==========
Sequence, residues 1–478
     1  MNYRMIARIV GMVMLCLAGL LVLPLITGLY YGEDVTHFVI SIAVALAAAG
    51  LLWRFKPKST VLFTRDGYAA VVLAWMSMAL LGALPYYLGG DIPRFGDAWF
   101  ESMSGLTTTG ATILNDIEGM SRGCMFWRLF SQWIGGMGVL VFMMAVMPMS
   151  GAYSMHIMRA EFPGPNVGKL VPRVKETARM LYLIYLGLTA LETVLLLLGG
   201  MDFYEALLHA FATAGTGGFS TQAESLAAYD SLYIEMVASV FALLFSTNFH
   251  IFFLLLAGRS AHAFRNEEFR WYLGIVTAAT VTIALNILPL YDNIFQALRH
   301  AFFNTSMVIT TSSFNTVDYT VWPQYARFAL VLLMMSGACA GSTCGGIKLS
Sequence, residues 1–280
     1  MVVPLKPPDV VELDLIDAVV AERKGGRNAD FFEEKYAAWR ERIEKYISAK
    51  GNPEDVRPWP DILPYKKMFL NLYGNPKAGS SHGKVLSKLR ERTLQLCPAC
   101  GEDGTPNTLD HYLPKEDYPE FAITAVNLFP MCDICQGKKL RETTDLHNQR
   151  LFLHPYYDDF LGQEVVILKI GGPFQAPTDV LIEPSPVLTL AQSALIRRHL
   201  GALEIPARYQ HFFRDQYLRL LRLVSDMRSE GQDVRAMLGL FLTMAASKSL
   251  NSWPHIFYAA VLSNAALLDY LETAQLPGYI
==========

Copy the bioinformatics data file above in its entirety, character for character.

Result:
Sequence, residues 1–478
     1  MNYRMIARIV GMVMLCLAGL LVLPLITGLY YGEDVTHFVI SIAVALAAAG
    51  LLWRFKPKST VLFTRDGYAA VVLAWMSMAL LGALPYYLGG DIPRFGDAWF
   101  ESMSGLTTTG ATILNDIEGM SRGCMFWRLF SQWIGGMGVL VFMMAVMPMS
   151  GAYSMHIMRA EFPGPNVGKL VPRVKETARM LYLIYLGLTA LETVLLLLGG
   201  MDFYEALLHA FATAGTGGFS TQAESLAAYD SLYIEMVASV FALLFSTNFH
   251  IFFLLLAGRS AHAFRNEEFR WYLGIVTAAT VTIALNILPL YDNIFQALRH
   301  AFFNTSMVIT TSSFNTVDYT VWPQYARFAL VLLMMSGACA GSTCGGIKLS
Sequence, residues 1–280
     1  MVVPLKPPDV VELDLIDAVV AERKGGRNAD FFEEKYAAWR ERIEKYISAK
    51  GNPEDVRPWP DILPYKKMFL NLYGNPKAGS SHGKVLSKLR ERTLQLCPAC
   101  GEDGTPNTLD HYLPKEDYPE FAITAVNLFP MCDICQGKKL RETTDLHNQR
   151  LFLHPYYDDF LGQEVVILKI GGPFQAPTDV LIEPSPVLTL AQSALIRRHL
   201  GALEIPARYQ HFFRDQYLRL LRLVSDMRSE GQDVRAMLGL FLTMAASKSL
   251  NSWPHIFYAA VLSNAALLDY LETAQLPGYI